ROSEBURG, Ore. (AP) - Ghostly figures run across the roof of a skyscraper, smoke and flames reflected in the building's window panes, contrasting with the brilliant blue sky.
The people, who have no faces or color, clamor on top of each other in their haste to get away from a man brandishing a knife. A large American flag stands in the midst of the pale figures, the red and white stripes smudging together as if the flag was drenched in a heavy rain.
The scene is from a watercolor called "Saving Freedom" painted by Roseburg resident Caryl Jordan Baum's late mother Mary Jane Jordan in 1991.
Jordan Baum, 67, believes it prophetically depicted the Sept. 11 terrorist attack. She hopes to have the painting, which she said her mother painted after having a vision, made into a postage stamp that commemorates the 10th anniversary of the 2001 attacks on the World Trade Center and Pentagon.
Jordan Baum plans to submit an application to the U.S. Postal Service soon and believes the painting's significance makes a strong case for it being put on a stamp.
Prints of the painting have been sold to people all over the country, with former President George W. Bush being the most famous owner, she said.
Jordan Baum sent a print of the painting in a frame with tiny American flags bordering it to the president around Veteran's Day in 2001. She got a call shortly after from his staff saying they received the painting and planned to present it to the president.
In this Oct. 14, 2010 photo, "Saving Freedom" a 1991 painting by Mary Jane Jordan is seen in Roseburg, Ore.. Caryl Jordan Baum, 67, the daughter of Mary Jane Jordan, believes it prophetically depicted the Sept. 11 terrorist attack. She hopes to have the painting, which she said her mother painted after having a vision, made into a postage stamp that commemorates the 10th anniversary of the 2001 attacks on the World Trade Center and Pentagon. (AP Photo/The News-Review, Michael Sullivan)
"They were thrilled. They were getting chills," Jordan Baum said.
She recently learned the painting will be part of the president's archives, soon to be housed on the campus of Southern Methodist University in Dallas, Texas. She had written a letter inquiring what happened to the painting and received an answer last month from the former president.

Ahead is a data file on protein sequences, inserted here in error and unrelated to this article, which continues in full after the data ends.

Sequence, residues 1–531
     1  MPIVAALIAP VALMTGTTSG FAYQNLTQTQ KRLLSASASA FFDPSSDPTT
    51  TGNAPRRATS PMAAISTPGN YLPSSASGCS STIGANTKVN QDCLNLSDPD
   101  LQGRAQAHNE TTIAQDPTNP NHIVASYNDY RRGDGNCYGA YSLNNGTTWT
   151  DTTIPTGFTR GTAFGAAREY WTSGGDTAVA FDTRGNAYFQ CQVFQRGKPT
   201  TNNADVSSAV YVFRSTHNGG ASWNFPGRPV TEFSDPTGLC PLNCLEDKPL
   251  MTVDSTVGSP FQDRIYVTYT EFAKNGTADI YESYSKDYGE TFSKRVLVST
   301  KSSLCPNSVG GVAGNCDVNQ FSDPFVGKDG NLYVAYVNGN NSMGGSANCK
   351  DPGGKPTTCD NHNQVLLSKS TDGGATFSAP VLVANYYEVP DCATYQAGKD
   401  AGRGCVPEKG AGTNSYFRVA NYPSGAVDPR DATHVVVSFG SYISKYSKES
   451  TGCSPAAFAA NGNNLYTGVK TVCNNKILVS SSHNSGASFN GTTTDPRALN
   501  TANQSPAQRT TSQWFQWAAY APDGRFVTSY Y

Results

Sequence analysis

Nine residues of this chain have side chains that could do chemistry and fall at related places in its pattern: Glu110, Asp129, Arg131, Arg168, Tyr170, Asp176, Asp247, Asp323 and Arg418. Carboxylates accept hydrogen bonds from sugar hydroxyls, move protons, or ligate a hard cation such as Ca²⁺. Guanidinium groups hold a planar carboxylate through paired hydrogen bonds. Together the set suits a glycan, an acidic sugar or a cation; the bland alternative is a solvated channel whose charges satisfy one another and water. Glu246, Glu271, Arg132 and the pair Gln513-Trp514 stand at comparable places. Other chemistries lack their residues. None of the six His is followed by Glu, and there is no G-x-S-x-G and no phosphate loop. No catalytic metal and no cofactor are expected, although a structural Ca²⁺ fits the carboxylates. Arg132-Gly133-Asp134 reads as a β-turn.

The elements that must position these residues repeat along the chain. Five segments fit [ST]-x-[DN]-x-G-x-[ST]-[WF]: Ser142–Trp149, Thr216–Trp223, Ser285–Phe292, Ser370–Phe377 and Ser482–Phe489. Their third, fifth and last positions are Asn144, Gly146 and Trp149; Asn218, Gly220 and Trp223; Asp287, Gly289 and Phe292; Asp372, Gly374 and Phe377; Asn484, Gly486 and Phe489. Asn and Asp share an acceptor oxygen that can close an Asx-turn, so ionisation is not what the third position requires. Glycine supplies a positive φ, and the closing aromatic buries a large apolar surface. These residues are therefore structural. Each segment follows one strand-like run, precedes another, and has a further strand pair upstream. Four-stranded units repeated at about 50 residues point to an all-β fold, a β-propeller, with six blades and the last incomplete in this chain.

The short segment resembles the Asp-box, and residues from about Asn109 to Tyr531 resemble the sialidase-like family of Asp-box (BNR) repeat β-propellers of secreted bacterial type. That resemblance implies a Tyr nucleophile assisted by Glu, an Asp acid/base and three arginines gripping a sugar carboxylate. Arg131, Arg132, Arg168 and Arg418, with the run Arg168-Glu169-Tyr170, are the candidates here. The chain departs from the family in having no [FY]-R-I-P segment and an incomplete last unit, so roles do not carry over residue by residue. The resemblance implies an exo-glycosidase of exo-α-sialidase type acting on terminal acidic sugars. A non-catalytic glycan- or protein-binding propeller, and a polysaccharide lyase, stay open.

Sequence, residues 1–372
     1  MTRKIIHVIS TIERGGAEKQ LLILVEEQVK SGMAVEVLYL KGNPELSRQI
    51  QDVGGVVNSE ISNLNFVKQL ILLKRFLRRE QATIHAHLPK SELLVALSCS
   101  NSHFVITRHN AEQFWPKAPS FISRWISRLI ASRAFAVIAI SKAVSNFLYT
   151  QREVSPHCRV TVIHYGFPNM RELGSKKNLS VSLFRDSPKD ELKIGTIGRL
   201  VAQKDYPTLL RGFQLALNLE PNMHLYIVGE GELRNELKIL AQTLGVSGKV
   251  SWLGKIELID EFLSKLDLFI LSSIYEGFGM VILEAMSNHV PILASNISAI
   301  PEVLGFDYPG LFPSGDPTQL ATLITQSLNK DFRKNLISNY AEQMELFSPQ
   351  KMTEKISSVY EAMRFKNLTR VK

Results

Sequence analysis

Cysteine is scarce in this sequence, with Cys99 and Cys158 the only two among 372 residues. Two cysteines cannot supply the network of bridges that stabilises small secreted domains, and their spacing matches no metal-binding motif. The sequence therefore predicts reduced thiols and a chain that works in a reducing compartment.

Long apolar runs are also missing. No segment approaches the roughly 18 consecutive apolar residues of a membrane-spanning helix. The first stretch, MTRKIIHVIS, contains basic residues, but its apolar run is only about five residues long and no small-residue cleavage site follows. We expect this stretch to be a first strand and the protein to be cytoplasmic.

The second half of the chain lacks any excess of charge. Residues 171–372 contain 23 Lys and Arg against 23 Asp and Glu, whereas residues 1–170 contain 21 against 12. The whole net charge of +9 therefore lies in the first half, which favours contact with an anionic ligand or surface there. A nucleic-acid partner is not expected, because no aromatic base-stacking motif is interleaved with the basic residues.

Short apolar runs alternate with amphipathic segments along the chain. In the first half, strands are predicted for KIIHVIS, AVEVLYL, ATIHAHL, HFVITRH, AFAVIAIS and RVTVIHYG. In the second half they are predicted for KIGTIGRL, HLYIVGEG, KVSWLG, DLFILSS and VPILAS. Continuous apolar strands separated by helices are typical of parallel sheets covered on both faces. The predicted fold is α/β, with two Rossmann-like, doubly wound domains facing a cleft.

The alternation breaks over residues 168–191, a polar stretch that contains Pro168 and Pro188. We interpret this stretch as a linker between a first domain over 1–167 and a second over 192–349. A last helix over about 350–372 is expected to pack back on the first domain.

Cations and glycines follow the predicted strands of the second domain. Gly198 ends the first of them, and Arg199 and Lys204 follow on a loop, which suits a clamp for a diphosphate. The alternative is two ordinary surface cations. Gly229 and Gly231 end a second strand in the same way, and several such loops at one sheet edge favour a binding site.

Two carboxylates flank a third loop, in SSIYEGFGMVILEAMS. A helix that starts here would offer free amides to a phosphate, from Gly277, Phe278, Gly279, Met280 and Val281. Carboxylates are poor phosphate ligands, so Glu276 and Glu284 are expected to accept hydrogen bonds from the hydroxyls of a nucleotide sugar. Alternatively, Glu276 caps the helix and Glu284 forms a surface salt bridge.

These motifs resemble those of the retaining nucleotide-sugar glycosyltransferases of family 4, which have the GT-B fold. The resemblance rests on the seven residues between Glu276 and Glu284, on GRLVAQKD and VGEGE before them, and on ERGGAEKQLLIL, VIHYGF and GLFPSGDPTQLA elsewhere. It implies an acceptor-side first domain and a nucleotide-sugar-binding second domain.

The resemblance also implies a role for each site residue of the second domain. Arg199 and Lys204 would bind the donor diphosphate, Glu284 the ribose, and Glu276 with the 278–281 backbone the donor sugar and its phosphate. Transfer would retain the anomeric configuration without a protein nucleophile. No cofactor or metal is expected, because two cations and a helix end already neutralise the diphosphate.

"It makes a fine addition to the collection," states the letter signed by Bush. "Thanks again to you and Mrs. Mary Jane Jordan for sharing it with me."
Jordan Baum found the painting while looking through a stash of her mother's artwork in her garage shortly after the Sept. 11 attacks. Immediately struck by the way it eerily foretold the terrorist attacks, she rushed over to her mother's nursing home to show her the painting and find out more about it. That's when Jordan explained the vision to her daughter.
"She saw the whole thing before," Jordan Baum said. "She had a vision, and she didn't know what it was. It scared her so she put (the painting) away."
Jordan Baum also noted how the painting contrasted with her mother's other watercolors, which mostly depicted colorful landscapes and flowers.
"They were beautiful scenes, and they were nothing like this," she said, gesturing to a print of the painting identical to the one in the Bush archives.
After the painting was displayed at Linus Oakes retirement village in Roseburg, where Jordan lived with her husband, Irving, for 14 years, many people requested prints, Jordan Baum said.
Per her mother's request, all proceeds from prints and cards depicting the painting went to charity. People who saw the painting also frequently remarked that it would make a striking stamp.
"I want to keep her legacy alive," Jordan Baum said. "If this becomes a postage stamp, it would be such an honor."
Jordan died at 87 in 2002, but not before finding out that President Bush received her painting, Jordan Baum said.
"It made her very happy," she said. "At least she lived long enough to know."
Bush sent Jordan Baum a condolence letter following her mother's death.
Jordan was a prolific painter, Jordan Baum said. She taught art at a high school in Costa Mesa, Calif., before she and her husband retired to Roseburg in the late '80s.
Staff at Linus Oakes still fondly remember the woman who taught art classes to other residents and displayed her artwork there. Linus Oakes Activities Director Becky Brigham said Jordan was very patriotic and she remembers seeing the woman frequently decked out in stars and stripes.
It was her mother's patriotism that made her choose out "Saving Freedom" out of 10 other possible titles as the name of her piece, Jordan Baum said.
"Many people, they're just blow away by the meaning of this painting," she said. "It shows that the terrorist is not winning. The patriotic Americans are carrying the flag and they're saving freedom."
Information from: The News-Review, http://www.nrtoday.com
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